Nine ideas for Gender Transformative WASH programming

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This blog offers advice for practitioners wanting to apply gender transformative approaches to WASH programming. It has been partly adapted from the workshop ‘Gender Transformative WASH’ (April 2019) that the Institute of Development Studies (IDS) co-facilitated with Dr Sue Cavill for Plan International. The workshop was for Plan country-office staff from Ethiopia, Indonesia, Nepal, Uganda and Zambia implementing the ‘WASH SDG Programme’.

As a sector we are still gathering evidence on what makes up effective gender transformative programming approaches. In this newsletter we suggest nine ideas for criteria.

 

Gender transformation: What are we talking about?

Gender transformative approaches to programming aim to transform the power structures that underlie unequal gender relations and norms. Empowering marginalised women and girls to come into the public domain, share their perspectives, take on leadership roles, set political agendas and form movements is central to this approach. Working with men and boys as allies and champions of change is also vital in order to challenge and transform dominant social, economic and political structures that perpetuate gender inequality. Transformative approaches also aim to understand how gender inequalities intersect with and compound other inequalities, striving for more complex and nuanced programming.

1) A level of personal transformation is needed

Gender issues and dynamics affect everyone individually, every day. Our judgements and decisions around gender and sexuality issues are often so deeply ingrained that we make them unconsciously. To avoid ‘unconscious bias’, it is good to have a clear personal/organisational position on these issues as this will affect your own personal and organisational practice. Don’t forget that programme staff and partners also need space and capacity building to explore and understand their own values, attitudes, beliefs and experiences of gender and sexuality.

Here is an interesting short video about ‘Understanding Unconscious Bias’  which encourages you to think about the unconscious decisions you might make around gender and other issues. (The Royal Society, 2015)

WaterAid’s ‘Heroes of Change’ present some good examples of how individual’s stories of transformation around gender norms and WASH practices, can be a source of inspiration for others.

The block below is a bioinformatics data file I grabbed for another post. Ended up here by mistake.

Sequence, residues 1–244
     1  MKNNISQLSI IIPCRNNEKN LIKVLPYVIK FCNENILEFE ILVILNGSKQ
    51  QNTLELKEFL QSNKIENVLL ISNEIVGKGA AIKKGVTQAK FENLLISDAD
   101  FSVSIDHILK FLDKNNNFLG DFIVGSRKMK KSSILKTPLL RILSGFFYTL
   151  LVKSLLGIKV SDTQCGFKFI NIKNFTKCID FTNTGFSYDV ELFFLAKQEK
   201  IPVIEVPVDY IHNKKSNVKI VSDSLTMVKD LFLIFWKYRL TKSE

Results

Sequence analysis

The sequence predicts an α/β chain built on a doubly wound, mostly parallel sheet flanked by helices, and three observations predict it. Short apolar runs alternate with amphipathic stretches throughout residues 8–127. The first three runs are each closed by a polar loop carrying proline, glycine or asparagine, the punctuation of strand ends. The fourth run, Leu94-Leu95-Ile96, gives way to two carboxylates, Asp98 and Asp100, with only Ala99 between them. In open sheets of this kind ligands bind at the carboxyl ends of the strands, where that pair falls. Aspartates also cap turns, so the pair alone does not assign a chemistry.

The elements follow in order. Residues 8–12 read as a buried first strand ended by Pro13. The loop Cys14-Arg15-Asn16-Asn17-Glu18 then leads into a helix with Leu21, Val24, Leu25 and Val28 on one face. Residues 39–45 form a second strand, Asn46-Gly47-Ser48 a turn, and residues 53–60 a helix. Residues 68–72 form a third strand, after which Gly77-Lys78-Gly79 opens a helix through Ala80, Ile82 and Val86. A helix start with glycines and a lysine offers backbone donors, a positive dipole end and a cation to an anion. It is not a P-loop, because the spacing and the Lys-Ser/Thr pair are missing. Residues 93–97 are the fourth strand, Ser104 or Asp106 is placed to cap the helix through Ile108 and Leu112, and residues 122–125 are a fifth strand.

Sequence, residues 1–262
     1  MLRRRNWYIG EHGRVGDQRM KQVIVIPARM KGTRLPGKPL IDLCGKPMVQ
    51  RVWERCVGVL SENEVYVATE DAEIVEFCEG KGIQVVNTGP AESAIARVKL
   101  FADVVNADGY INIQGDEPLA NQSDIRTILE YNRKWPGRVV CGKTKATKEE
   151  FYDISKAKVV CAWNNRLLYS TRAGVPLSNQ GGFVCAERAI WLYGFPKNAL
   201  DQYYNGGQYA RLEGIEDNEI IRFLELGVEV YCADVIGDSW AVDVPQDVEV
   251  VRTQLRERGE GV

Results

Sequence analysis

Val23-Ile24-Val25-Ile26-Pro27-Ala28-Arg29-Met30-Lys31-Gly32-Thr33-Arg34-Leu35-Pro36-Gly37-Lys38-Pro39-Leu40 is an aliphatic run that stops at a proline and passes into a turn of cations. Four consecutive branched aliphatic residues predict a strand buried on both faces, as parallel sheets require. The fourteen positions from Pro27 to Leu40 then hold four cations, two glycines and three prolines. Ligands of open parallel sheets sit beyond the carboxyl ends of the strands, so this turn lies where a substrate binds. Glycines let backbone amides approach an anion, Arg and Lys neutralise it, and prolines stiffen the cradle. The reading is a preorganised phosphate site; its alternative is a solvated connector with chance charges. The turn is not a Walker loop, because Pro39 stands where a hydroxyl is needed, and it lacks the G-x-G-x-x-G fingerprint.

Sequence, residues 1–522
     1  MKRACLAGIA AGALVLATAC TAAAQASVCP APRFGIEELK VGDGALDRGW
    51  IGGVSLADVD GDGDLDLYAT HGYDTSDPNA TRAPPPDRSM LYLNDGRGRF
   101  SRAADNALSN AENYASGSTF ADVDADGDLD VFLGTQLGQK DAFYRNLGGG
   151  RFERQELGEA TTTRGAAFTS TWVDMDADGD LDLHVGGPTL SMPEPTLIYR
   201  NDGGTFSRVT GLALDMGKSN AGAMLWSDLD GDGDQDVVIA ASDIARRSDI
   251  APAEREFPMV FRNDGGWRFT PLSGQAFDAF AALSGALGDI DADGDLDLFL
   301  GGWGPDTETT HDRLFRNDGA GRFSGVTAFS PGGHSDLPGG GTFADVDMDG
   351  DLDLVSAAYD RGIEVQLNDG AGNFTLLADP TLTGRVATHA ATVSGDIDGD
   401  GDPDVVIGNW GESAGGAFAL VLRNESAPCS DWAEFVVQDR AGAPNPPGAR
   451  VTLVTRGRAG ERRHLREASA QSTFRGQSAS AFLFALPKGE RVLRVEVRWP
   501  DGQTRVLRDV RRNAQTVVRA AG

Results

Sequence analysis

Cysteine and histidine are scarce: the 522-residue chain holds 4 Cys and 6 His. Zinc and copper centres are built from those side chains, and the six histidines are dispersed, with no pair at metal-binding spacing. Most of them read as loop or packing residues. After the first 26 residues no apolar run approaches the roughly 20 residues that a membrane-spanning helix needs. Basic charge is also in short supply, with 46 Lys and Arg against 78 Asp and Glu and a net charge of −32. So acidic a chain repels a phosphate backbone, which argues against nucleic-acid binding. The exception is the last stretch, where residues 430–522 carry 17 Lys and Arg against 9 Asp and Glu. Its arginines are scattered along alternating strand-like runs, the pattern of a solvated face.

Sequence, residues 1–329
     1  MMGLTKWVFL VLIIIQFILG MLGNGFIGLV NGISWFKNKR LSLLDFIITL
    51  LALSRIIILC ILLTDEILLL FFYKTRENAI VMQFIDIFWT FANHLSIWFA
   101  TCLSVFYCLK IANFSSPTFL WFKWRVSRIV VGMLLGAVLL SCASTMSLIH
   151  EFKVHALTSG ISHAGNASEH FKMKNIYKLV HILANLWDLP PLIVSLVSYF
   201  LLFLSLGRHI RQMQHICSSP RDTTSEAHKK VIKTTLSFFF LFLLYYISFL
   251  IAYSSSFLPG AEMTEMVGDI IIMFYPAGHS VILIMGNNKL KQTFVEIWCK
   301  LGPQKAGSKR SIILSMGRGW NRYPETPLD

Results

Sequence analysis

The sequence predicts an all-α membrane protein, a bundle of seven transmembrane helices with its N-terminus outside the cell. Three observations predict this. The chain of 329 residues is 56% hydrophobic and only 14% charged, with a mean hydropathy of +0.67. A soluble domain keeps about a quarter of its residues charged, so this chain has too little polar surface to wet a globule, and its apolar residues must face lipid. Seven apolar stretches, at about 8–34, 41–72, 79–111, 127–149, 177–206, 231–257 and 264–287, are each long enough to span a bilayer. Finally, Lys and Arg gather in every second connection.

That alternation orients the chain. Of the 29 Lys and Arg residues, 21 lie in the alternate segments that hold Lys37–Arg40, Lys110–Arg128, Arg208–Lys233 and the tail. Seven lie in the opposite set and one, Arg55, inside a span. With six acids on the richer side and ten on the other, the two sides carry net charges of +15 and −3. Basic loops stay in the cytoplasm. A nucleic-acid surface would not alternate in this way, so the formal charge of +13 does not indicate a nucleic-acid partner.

2) Know what gender transformation success looks like and how to measure it

Gender transformation in programming is a process rather than an end goal, which can make it difficult to monitor. However, there are a few tools available, for example, the Gender and WASH Monitoring Tool enables users to explore and monitor gendered relations through facilitated community dialogue. (Plan International Australia and Plan Vietnam (2014))

A central part of gender transformation is women’s empowerment, which is also a set of complex, diverse and multi-layered processes. This short article, ‘Women’s empowerment: Sharpening our focus’ suggests the need for long-term contextual qualitative research in WASH programming (in addition to quantitative approaches) that monitors small incremental changes around empowerment, which over time can add up to a bigger shift. It also requires intersectional analysis to understand the differences between women’s lived experiences, which can be extremely varied. (Institute for Sustainable Futures, University of Technology Sydney, 2019)

This short ‘primer’ introduces Plan International Canada’s (CNO) architecture for gender transformative programming and measurement. The architecture consists of a rights-based theory of change model followed by two useful tools for measuring transformation: 1) 'A Women and Girls Empowerment Index (WGEI)' that measures changes directly associated with the root causes of gender inequality across five gender equality domains (roles and responsibilities, resource access and control, participation and decision making, social norms, institutional change). 2) The five domains are also built into 'The Scoring Tool' that assesses and ranks projects based on three specific areas: a) Project Design, b )Gender Equality Analysis Domains; c)Resources for gender equality programming.

 

3) Research key gender issues that intersect with WASH in your area

Key gender issues that intersect with WASH include:

In this short video interview Dr Alison Parker, Cranfield Water Science Institute, talks about the importance of researching both men's and women's sanitation and hygiene needs separately when designing toilets.

This short article ‘Intersectionality: ask the other question’ looks at the WASH sector’s engagement with, and use of, the concept of intersectionality, so as to ensure the voice of those “multiply disadvantaged” individuals and groups are placed at the centre of research and programming, and that the structural factors that give rise to inequality and oppression are effectively challenged. (Institute for Sustainable Futures, University of Technology Sydney, 2019)

The discussion paper ‘Gender Equality and Disability Inclusion within Water, Sanitation and Hygiene: exploring integrated approaches to addressing inequalities’ is intended as a conversation starter for WASH programme managers and practitioners looking to strengthen their conceptual and practical understanding of challenges and successes in integrating gender and disability in WASH (WaterAid, CBM Australia and Di Kilsby Consulting, 2018).

 

4) Work with men and boys as allies and champions of change